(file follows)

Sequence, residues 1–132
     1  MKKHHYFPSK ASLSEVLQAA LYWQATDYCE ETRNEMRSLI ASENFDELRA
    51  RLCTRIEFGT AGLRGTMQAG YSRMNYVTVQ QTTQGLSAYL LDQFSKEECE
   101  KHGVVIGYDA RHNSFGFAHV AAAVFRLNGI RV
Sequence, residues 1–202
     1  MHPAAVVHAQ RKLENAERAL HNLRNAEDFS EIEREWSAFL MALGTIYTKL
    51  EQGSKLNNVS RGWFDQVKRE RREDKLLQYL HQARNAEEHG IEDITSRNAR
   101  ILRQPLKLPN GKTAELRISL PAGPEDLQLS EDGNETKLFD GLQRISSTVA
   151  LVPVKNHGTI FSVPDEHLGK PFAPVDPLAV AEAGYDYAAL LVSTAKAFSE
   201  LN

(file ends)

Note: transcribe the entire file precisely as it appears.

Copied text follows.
Sequence, residues 1–132
     1  MKKHHYFPSK ASLSEVLQAA LYWQATDYCE ETRNEMRSLI ASENFDELRA
    51  RLCTRIEFGT AGLRGTMQAG YSRMNYVTVQ QTTQGLSAYL LDQFSKEECE
   101  KHGVVIGYDA RHNSFGFAHV AAAVFRLNGI RV
Sequence, residues 1–202
     1  MHPAAVVHAQ RKLENAERAL HNLRNAEDFS EIEREWSAFL MALGTIYTKL
    51  EQGSKLNNVS RGWFDQVKRE RREDKLLQYL HQARNAEEHG IEDITSRNAR
   101  ILRQPLKLPN GKTAELRISL PAGPEDLQLS EDGNETKLFD GLQRISSTVA
   151  LVPVKNHGTI FSVPDEHLGK PFAPVDPLAV AEAGYDYAAL LVSTAKAFSE
   201  LN